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Identity Force

 
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Identity Force 

 

Identity Force is an identity theft protection subscription that provides services like alerting and monitoring for identity theft, fraud, social media hacking, child identity theft, credit card theft, insurance fraud, IRS tax fraud, and medical theft just to name a few. They provide services to both individual users and businesses. Their mission is to provide identity protections to you, your family, and your work life.

 
 

Challenge

The challenges that my team was faced with during this project was that, while the desktop version of the website was both beautifully designed and easy to navigate, the mobile app had serious usability issues. The mobile app is hard to navigate, hard to read, does not send notifications when set up to do so, and is overall frustrating for both the user and the business. My group also wanted to heavily focus on how we could get more users to sign up for this type of service before the consequences of a stolen identity were upon them.


 
 

Brief: Identity Force is in need of a mobile app to replicate their desktop version of their eCommerce site

My Role: UX/UI designer, user researcher, visual design, usability testing , persona developer, wireframer, information architect, content strategist

 

Time Frame: 2 weeks

Deliverables: A mobile Application

Tools: Sketch, InVison

Group Members: Alex Lazear, Elyza Brillantes

 

 
 

Interviewing

As a group, we started our interview process by each sending out a survey through our social media sites along with our LinkedIn profiles. Through this we were able to generate 35 responses, resulting in 5 in-person interviews. We were also able to leverage several online reviews. We were able to collect valuable information on the type of services that Identity Force has to offer and what kind of user is likely to subscribe to this type of service along with issues that current users might be experiencing with the mobile app.

 
 
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Through our interviews and online reviews we discovered a few valuable insights and pain points

  • The mobile app itself was hard to navigate and not easily readable.

  • The updates and notifications were inaccurate and often sent during incorrect time frames.

  • The general population of people taking the survey stated that they would not pay for this type of service, even ones that were victims of identity theft in the past.

  • Most users were uneducated about identity protection services in general.

 
This is November and you’re showing me September’s credit score. Not happy.
— Existing User
 

Journey Map

Through our research, we were able to create a journey map that helped us consider some key “how might we” statements.

How Might We:

 
 

• prevent incidents in the first place?

• alert users of risks, instead of waiting for an incident to occur?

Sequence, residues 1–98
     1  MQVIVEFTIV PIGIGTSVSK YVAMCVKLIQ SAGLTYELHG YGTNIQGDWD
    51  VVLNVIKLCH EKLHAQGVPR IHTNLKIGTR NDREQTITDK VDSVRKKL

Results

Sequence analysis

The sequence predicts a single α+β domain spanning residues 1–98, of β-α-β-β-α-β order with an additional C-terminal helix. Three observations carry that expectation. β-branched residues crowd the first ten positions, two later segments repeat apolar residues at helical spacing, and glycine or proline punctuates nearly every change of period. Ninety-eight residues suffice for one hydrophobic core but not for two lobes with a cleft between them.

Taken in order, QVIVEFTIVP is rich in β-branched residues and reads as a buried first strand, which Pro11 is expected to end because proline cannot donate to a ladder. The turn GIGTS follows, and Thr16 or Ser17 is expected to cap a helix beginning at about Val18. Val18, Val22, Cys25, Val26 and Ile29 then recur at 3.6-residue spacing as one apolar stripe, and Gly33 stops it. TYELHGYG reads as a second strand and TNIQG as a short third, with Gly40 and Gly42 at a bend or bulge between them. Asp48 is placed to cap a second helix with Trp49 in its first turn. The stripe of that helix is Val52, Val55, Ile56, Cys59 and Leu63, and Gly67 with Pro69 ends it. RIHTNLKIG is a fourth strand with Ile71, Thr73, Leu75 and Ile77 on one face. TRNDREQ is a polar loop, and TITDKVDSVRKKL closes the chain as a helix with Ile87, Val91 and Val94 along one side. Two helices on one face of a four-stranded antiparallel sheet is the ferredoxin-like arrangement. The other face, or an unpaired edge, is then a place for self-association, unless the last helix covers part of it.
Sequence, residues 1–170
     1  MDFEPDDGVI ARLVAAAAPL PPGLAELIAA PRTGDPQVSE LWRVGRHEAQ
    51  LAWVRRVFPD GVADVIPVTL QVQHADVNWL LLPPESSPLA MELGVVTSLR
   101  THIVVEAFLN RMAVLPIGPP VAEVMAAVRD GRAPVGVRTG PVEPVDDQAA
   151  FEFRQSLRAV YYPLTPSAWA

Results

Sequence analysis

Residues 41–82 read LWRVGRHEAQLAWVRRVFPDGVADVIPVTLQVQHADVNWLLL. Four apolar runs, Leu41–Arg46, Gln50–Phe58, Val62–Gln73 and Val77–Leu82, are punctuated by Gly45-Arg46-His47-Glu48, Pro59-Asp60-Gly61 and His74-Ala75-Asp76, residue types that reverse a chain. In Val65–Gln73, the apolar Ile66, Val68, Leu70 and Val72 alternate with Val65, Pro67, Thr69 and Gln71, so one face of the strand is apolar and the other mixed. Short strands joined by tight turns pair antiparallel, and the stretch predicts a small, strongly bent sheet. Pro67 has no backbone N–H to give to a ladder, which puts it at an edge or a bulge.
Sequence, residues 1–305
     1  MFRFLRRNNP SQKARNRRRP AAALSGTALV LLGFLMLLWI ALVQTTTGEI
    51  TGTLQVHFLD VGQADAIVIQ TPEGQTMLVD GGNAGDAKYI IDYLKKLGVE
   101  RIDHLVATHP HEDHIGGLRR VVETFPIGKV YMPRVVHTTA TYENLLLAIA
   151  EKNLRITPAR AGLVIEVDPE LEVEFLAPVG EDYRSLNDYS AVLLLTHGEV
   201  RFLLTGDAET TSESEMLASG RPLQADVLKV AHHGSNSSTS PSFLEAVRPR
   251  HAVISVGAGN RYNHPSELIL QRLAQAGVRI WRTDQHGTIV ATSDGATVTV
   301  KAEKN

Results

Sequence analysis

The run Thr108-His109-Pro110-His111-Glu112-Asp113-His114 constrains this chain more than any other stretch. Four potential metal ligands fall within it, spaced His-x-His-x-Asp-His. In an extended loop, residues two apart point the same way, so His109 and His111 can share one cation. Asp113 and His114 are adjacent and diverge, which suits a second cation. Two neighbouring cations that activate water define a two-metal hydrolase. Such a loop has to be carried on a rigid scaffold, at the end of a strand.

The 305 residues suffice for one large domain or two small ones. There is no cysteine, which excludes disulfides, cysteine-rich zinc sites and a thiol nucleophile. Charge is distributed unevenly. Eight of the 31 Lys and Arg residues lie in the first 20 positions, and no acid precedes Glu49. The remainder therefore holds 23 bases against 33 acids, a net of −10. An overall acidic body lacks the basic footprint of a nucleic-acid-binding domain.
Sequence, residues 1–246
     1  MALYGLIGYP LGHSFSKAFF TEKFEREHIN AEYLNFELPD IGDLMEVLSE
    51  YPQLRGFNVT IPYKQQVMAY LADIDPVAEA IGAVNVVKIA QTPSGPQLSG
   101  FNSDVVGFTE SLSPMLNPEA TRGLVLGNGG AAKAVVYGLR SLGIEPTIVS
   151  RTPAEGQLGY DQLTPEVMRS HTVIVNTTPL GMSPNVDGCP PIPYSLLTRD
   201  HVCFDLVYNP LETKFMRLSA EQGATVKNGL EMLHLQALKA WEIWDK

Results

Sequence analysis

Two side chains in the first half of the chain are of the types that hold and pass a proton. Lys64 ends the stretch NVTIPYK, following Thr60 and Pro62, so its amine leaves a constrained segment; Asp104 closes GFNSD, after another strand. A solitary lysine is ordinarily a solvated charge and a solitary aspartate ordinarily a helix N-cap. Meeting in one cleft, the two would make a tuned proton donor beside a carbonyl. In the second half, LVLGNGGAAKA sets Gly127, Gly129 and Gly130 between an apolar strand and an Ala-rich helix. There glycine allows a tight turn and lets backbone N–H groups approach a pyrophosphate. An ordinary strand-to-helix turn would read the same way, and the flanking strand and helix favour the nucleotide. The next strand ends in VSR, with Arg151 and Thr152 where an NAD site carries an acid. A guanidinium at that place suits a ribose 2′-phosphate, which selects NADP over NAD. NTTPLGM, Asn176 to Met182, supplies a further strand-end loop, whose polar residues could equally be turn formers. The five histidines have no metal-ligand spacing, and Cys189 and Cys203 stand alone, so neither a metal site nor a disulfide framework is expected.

• make assessment steps less overwhelming?

• simplify the recovery process so it is less of a burden on the customer?

• exemplify that the service works?

• enroll a customer before an incident?

• educate individuals about security issues?

 
 

Personas

My team was able to develop 2 personas for who the Identity Force protection plans would target.

 
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The Cautious Business Owner

• Wants identity protection for him and his family

• Makes an above average income and can afford this type of service

• Is a business owner and doesn’t want to take any risks with fraud or identity theft

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The Carefree Victim

• Has been a victim of credit card theft in the past

• Doesn’t see the point in spending money on this type of service

• Is uneducated about the subject of identity theft

• Needs a motivating factor

 
 
 

Ideate

Through the ideation process, my group was able to come up with an idea for a mobile app that:

• is easy to navigate and access

• is intuitive and easy for users of all backgrounds to understand

• has a page dedicated to education of what identity theft and fraud is and how individuals could go about protecting themselves

• a motivating factor for the target customers who don’t understand the point of purchasing this type of service

 
 
 
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Early sketches & Wireframes

My team was able to run a couple rounds of a design studio to see what different ideas we could manifest individually, what was definitely working, and what ideas overlapped.

 
 
 

#1

The idea of a “freemium” with an on-boarding quiz for the user that doesn’t see the need to pay for this type of service. This version of the subscription will still give you access to features such as education to help protect yourself and Identity Force’s version of a credit score which we called a “Identity Force Score

 
 
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#2

 

After the initial on-boarding quiz, the user will then be lead to the freemium version of the home page where they are presented with the Identity Force Score. This score is a motivating factor for both current users and prospects. If the customers builds their score through a series of tasks (raising their credit score, viewing education information, etc.) the customer will receive a discount on their monthly premium.

 
 
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#3

The third key feature that we decided to focus on was the idea of education being a driving factor for users to purchase the service. Not only will the user’s “Identity Force Score” be raised, but for the new user that is uneducated about identity theft, this will hopefully help to make these individuals see the significance and importance of this service.

 
 
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